God is not only at work in us but God is at work through us. God has been at work through this Confirmation Class and their long time commitment to Heifer International. Through this global organization, people can donate money to buy farm animals and create systems of sustainability all over the world. These young people have been making a difference in ways they may never fully know. And they have learned, during their time at Belmont, that this journey of faith is about something bigger than them selves. God is at work through them.
God will continue to use us. Trust this! We do not know where God will use us but we can trust that it will happen if we open ourselves to God’s guidance. In 1977 I knelt at the altar of this church and a bishop laid his hands on my head and I was ordained a deacon, which at that time was the first step toward being ordained as an elder. If you had asked me then where God would send me and where God would use me, I would have told you I have no idea. I certainly did not expect to be appointed to Belmont exactly 30 years later. And I have no idea what the future holds for ministry.
And we do not always know when God is using us. We have to trust that our God will use our faithfulness. Over years of ministry I have had people tell me that something I did for them years ago made all the difference. More often than not, I don’t even recall the act of faithfulness. We are called to faithful, not successful. If we are faithful we can trust that God is using us.
A good way to begin each day is with a simple prayer, “Lord, I give you this day. I do not know who I will encounter, and I do not how you will use me, but let me move through this day with your Spirit guiding me. Let me be faithful to your call.” The day that is before us becomes an adventure!
Many of you know I like to read Anne Lamott’s books. She has a refreshing way of allowing us to peak into her spiritual journey. She can be authentic and funny and a bit edgy at times. In Traveling Mercies there is a chapter titled, “Why I Make Sam Go to Church,” Sam is her son, and at the time of the writing, he was very young. Lamott started going to the St. Andrews Presbyterian Church, a small multi-ethnic church, when she was pregnant with Sam. She had found her way to the church one Sunday morning when she was hung over and shaky from alcoholism and she heard the sweet sounds of hymns floating out the windows and into the little flea market nearby.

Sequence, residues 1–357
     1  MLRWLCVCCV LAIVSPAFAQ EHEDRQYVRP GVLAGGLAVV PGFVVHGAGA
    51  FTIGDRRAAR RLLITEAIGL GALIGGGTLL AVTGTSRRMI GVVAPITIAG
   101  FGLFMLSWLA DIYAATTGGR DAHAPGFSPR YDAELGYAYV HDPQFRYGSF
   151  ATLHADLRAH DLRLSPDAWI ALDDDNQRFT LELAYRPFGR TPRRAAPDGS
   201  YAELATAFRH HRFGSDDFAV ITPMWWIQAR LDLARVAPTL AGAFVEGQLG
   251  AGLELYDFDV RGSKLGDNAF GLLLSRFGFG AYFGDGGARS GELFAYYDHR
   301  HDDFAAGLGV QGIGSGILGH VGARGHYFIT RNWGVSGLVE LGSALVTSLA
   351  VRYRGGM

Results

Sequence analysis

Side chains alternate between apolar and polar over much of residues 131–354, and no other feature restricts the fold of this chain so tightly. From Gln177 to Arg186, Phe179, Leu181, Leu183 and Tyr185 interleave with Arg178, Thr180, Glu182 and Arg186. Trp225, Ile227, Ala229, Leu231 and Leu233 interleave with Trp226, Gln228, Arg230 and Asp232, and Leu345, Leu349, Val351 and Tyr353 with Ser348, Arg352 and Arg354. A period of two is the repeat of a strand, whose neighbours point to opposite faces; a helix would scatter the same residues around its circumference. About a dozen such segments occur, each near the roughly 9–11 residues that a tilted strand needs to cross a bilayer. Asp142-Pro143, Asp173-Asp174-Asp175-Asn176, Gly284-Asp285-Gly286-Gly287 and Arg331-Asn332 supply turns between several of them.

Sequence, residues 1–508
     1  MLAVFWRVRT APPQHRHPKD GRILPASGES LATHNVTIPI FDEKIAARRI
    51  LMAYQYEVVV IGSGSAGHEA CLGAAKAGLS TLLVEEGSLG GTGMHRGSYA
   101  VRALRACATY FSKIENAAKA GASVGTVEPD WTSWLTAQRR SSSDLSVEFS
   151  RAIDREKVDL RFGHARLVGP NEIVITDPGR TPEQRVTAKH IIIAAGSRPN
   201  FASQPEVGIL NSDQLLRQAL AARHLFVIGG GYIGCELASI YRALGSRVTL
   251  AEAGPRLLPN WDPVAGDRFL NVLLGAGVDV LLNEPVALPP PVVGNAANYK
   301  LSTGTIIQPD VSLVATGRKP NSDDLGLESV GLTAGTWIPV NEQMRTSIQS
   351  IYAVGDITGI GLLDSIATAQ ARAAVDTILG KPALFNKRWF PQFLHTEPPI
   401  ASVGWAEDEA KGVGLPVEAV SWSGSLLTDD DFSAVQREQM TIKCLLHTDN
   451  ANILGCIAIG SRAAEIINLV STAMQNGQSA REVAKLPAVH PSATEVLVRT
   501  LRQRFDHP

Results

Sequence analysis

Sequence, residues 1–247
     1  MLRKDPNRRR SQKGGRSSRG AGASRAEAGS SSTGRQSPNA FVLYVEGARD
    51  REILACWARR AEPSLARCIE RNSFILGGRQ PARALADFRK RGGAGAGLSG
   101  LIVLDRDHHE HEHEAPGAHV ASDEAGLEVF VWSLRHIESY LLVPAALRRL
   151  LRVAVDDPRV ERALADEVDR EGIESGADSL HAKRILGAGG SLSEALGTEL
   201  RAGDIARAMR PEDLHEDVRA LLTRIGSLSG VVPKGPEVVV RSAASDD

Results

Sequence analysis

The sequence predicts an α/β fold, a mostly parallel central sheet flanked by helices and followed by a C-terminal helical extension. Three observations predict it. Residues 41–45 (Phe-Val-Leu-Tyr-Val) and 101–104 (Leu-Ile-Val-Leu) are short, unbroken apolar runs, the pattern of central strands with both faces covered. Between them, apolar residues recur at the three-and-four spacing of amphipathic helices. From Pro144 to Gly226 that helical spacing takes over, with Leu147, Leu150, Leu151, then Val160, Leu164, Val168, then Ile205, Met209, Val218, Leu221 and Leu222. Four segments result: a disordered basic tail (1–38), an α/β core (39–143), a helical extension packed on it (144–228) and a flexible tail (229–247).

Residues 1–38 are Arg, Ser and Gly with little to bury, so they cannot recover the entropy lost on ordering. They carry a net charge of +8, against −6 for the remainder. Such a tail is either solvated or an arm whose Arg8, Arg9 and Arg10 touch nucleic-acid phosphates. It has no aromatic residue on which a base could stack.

One Sunday at the end of the service she stood up and told the congregation that she was expecting a child and everyone clapped and clapped. She reported that even the people who had been raised in those Bible thumping churches of the deep South clapped. She was not married and this was not the reaction she expected.
The people reached out to her and brought her clothes and casseroles. They kept referring to her baby as “our baby” or “my baby.” They gave her money. An older woman named Mary Williams, who lived on Social Security, would bring her baggies filled with dimes.
Long after Anne Lamott was on her feet financially, Mary Williams would still bringer her baggies filled with dimes. Lamott would give them to the homeless people on the street corner. She wrote, “Why do I make Sam go to church—none of his other friends go? I make him go to church because someone brings me dimes.” Lamott wrote that when she looked around St. Andrews, she saw the face of God.
God was at work in Anne Lamott’s life through these people. God was changing her and giving her a new way of seeing and a new way of being in the world. God was at work through her as she faithfully shared God’s love with others.
To these young people today and to all of you, know that God is at work in you. God is at work through you making a difference in the world.